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Friday, May 25, 2018
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State panel advances changes in ‘stand your ground’ law

TALLAHASSEE — State senators on Tuesday advanced proposed changes to the state’s “stand your ground” law, three months after crime-watch volunteer George Zimmerman was acquitted in the shooting death of 17-year-old Trayvon Martin.

The Senate Judiciary committee voted 7-2 to pass a measure that includes training for neighborhood crime watch volunteers and clarifying that police can “fully and completely investigate” when force is used in self-defense.

The effort is a work in progress and other changes may include further honing of how to apportion fault when innocent bystanders are injured or killed during an act of self-defense.

The measure may get a chilly reception in the House, though.

Rep. Matt Gaetz, R-Fort Walton Beach, who chairs the Criminal Justice subcommittee, has said he doesn’t intend to change “one damn comma” of the law. Gaetz could not be immediately reached.

“After what happened in Sanford, we wanted to send a message to community watches (about) what is responsible behavior,” said Senate Democratic Leader Chris Smith of Fort Lauderdale.

Smith sponsored the latest changes with Sen. David Simmons, R-Altamonte Springs, who advanced the “stand your ground” law in 2005.

“This is a good, common sense clarification of the existing law,” Simmons said.

The law allows people who are attacked to counter deadly force with deadly force in self-defense without any requirement that they flee.

Zimmerman did not invoke the “stand your ground” law to seek a dismissal of the charges against him, but provisions from the law were used in the instructions given to jurors. Martin was not armed.

A citizen task force formed by Gov. Rick Scott looked at the law and affirmed it earlier this year. The task force also issued several recommendations, including asking lawmakers to address who’s responsible if innocent bystanders are hurt or killed.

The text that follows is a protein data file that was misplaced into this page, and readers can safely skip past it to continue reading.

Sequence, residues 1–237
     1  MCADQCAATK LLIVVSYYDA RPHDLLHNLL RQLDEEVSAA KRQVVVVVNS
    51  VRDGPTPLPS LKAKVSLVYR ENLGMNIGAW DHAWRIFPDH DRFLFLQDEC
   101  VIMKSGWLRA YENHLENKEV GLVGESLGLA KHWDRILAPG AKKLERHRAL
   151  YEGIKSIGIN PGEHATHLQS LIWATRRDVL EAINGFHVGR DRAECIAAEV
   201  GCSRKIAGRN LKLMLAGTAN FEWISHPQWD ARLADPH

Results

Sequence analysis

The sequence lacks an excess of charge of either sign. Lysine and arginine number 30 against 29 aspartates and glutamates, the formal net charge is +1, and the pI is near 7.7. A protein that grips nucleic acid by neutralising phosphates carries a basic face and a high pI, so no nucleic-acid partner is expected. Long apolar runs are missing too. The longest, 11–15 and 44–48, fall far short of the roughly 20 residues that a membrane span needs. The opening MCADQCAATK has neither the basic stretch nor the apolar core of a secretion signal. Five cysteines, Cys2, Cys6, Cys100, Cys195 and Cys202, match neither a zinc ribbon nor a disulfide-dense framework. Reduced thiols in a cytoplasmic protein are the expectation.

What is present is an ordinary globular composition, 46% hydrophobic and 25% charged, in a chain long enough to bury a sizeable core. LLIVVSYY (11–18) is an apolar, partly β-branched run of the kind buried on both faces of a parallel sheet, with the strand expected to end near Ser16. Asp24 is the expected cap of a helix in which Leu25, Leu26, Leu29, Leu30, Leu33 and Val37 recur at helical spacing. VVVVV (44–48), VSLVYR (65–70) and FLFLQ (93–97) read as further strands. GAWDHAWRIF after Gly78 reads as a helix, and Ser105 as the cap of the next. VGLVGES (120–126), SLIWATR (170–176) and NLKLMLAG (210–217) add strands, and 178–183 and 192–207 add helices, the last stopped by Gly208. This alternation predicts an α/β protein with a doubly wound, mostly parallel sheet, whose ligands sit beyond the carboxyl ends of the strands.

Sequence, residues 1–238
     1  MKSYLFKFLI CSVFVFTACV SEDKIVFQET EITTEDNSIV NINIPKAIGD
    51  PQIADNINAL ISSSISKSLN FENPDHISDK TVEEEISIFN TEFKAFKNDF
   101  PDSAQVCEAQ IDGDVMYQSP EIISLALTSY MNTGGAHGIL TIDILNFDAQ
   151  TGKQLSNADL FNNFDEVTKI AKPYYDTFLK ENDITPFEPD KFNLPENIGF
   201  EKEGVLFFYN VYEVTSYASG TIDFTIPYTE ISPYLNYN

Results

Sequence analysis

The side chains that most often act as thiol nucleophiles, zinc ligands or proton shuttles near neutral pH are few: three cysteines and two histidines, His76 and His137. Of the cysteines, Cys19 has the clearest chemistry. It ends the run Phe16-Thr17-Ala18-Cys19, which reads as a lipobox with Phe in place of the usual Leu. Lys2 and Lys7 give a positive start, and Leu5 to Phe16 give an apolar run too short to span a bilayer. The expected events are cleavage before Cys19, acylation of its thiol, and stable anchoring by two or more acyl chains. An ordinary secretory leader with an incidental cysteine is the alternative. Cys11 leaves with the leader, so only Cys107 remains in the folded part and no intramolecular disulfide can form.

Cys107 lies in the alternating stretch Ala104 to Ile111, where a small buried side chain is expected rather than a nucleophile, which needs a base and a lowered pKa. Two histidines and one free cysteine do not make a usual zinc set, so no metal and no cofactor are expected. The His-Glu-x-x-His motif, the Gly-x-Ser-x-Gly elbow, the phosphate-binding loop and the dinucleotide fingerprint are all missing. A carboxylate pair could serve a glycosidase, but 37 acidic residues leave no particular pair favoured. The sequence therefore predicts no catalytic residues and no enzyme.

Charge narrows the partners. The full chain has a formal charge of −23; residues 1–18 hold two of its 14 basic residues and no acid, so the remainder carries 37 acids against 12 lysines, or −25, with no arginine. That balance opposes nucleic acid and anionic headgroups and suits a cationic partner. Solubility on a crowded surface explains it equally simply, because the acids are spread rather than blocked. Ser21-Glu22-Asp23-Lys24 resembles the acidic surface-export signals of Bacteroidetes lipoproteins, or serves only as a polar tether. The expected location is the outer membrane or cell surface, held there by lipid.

“Although an individual may be granted civil immunity for their use of force during (an) incident, it is not clear whether that immunity would apply even when innocent third-party victims are injured or killed due directly to the actions of that individual,” the task force’s report said.

Activists on both sides of the issue were lukewarm on the proposed changes. Marion Hammer, the National Rifle Association’s top lobbyist in Florida, said her group doesn’t oppose them but neither does it believe they solve any concerns.

“People view things differently and we end up with problems,” she said. “There’s nothing wrong with trying to clear the air.”

But Hammer, who backed the original law, made it clear she never intended “gangbangers having shootouts in the street” to have “stand your ground” protection.

Members of the group Dream Defenders continued to ask that “stand your ground” be repealed and that a duty to retreat be put back into law. The group organized this summer’s 31-day sit-in at the Capitol to protest the law.

Stacy Scott, the public defender for the state’s Eighth Judicial Circuit in north-central Florida, told lawmakers the current law isn’t necessarily flawed but said every self-defense case is unique.

“It’s impossible to legislate good judgment,” Scott said.

Any changes in the law require a vote of the full Legislature, which returns March 4 for the 2014 lawmaking session.

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